I love my Classic and use it everyday though I also have a considerable amount of music on my 5.
    I'm also very interested in the new generation of PMP's made by the like of iriver, Hifiman, iBasso and Fiio.
    Having said all that it's hard to go past an iPhone 5 as your principal audio source; just read what Jim Rockwell has to say about the quality of the device...

    I see it all the time. Someone listening to their iPod while looking at surfing the web or playing a game on their iPhone.

    Yep still buy em. If i want to listen to music at work I cant have any device that has recording or wifi capabilities.

    I cant even plug my MP3 player into my computer to charge it I need a 240v adapter if i require charging.

    I still have two former iPod Touch's in use (one for the car, the other for the home stereo/jogging), although my tendency to obtain GPS tracking of my runs means I've started using my iPhone more for that purpose too.

    As mentioned above, they definitely still have a big use. Some people just want something cheap to leave in the car for media purposes, others prefer having an iPod for music and their smartphone for everything else.

    I use my clip zip (with rockbox) for about 4 hours a day on average. It's tiny, weighs nothing, has a great battery life and holds all of my 55gb of music. Destroys any app for speed from wanting to listen to music to actually listening.

    I still use one mainly because whilst i acknowledge we're in an era when our devices are made to encompass everything, I just prefer having a dedicated phone and a dedicated MP3 player there's just something about the independence of the two devices that I find practical.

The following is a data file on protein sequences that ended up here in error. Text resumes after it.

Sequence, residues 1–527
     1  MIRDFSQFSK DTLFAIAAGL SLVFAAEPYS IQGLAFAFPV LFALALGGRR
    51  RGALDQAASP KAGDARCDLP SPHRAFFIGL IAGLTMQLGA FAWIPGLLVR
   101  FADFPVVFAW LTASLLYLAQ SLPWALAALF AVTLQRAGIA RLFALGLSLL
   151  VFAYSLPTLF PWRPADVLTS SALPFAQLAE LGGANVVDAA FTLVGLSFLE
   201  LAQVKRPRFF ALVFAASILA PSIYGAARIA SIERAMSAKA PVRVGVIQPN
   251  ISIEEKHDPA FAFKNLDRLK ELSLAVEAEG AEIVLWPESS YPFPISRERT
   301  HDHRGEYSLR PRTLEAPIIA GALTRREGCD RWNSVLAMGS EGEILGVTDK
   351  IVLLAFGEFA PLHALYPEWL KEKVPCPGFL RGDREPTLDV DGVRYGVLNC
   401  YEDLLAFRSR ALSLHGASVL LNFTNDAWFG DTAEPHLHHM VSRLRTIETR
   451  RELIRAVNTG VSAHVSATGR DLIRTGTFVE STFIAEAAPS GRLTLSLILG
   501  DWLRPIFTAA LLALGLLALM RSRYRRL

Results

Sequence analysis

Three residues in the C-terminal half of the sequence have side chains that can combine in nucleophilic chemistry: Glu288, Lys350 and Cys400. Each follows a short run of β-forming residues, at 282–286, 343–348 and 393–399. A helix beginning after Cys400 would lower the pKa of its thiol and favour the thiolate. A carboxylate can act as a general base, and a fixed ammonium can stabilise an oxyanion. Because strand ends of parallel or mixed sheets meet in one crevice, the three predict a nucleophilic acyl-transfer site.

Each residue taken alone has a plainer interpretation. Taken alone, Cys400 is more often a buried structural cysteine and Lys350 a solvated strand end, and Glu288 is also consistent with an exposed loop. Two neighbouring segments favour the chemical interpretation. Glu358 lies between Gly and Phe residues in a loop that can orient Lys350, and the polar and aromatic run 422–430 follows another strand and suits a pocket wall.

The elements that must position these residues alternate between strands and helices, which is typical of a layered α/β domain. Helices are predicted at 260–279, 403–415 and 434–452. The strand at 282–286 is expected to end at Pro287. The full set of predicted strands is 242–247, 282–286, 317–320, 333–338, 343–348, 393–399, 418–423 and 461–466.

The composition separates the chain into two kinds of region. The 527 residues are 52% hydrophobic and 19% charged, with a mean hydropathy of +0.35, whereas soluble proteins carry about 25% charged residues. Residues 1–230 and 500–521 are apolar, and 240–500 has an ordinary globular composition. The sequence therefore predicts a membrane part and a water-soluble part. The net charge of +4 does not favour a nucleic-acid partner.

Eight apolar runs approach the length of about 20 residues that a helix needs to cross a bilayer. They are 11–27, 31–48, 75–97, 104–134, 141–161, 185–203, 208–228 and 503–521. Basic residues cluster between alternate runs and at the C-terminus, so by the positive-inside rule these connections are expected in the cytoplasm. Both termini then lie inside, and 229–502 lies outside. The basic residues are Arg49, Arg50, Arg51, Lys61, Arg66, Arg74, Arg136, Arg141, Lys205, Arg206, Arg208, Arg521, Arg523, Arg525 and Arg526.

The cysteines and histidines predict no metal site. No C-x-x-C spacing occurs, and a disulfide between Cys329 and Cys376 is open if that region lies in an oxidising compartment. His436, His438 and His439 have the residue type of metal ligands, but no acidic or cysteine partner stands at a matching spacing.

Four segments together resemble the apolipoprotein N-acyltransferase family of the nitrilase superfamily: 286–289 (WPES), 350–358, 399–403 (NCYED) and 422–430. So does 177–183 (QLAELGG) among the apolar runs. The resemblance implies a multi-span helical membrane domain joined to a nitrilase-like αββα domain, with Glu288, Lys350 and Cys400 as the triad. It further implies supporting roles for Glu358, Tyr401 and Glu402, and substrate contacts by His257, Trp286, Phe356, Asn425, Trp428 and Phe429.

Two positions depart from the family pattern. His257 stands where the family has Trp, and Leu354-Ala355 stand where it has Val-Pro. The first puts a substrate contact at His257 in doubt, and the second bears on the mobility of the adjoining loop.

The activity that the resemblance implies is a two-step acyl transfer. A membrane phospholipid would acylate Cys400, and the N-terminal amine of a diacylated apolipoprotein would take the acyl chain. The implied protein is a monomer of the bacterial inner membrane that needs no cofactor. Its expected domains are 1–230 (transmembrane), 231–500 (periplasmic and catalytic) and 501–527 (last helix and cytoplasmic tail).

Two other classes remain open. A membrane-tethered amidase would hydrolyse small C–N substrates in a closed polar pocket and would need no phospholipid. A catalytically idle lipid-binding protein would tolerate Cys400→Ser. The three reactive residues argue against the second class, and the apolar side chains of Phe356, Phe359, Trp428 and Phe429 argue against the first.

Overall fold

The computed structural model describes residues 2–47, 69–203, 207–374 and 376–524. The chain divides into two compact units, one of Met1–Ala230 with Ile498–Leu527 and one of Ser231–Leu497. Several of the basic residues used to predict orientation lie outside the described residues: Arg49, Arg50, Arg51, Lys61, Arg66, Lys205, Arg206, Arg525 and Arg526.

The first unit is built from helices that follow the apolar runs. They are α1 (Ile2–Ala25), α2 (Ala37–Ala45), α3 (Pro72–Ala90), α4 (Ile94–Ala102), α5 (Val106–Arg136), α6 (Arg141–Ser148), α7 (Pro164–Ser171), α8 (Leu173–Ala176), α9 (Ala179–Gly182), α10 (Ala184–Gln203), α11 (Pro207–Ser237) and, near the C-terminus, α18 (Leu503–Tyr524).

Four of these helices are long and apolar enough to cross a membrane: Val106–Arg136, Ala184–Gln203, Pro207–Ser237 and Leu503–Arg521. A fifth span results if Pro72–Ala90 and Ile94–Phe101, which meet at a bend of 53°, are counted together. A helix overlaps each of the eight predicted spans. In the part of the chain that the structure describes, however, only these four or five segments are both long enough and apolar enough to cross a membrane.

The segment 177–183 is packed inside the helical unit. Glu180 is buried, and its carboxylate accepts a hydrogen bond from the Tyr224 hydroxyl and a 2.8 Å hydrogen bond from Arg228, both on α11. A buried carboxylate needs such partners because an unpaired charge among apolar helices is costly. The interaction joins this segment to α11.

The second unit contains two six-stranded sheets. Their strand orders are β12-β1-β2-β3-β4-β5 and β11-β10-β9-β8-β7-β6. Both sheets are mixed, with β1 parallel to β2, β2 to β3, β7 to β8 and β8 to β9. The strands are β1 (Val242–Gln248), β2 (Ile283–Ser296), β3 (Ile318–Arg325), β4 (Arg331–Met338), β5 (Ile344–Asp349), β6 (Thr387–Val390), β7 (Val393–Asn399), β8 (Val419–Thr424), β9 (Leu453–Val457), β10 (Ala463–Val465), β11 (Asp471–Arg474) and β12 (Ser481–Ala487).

Yep - when I had my Samsung Galaxy S II, the battery life was pretty average so I didn't want to drain it further throughout the day by listening to music (especially if I was going out after work like on a Friday night). On top of that, it lacked the power to properly drive my decent earphones (well, Shure SE530 IEMs). Bass was very weak & overall sound underwhelming. The DACs used in the phone were obviously chosen to be thin/light/small, not powerful and sound good. The SGS II design philosophy seemed to be "yep it puts out stereo sound; good enough".

    So that I could still listen to music without worrying about my phone's battery life, I bought myself a Sandisk Clip Zip & a 32GB MicroSD card and put Rockbox on it. Whilst not as good as my old fantastic iRiver H340's sound quality (and on par with iPhone 3GS I guess?), it was better than my Samsung Galaxy S II.

    But now I have a Nokia 920, which has *superb* battery life, and has an impressive-enough DAC to drive my IEMs properly - better than the Sandisk which I no longer use.

    Yes, people still buy MP3 players. This cheap and cheerful number was released not too long ago to great fanfare in the head-fi crowd. So obviously people still very much interested in MP3 players:

      Great a butt-ugly MP3 player that costs more than my Phone.... more than my Tablet.... more than my current TV.... more than my media center.... more than my fridge.... (you get the point)

        It is black with an impractical knob on the side though. The impractical knob makes it stand out.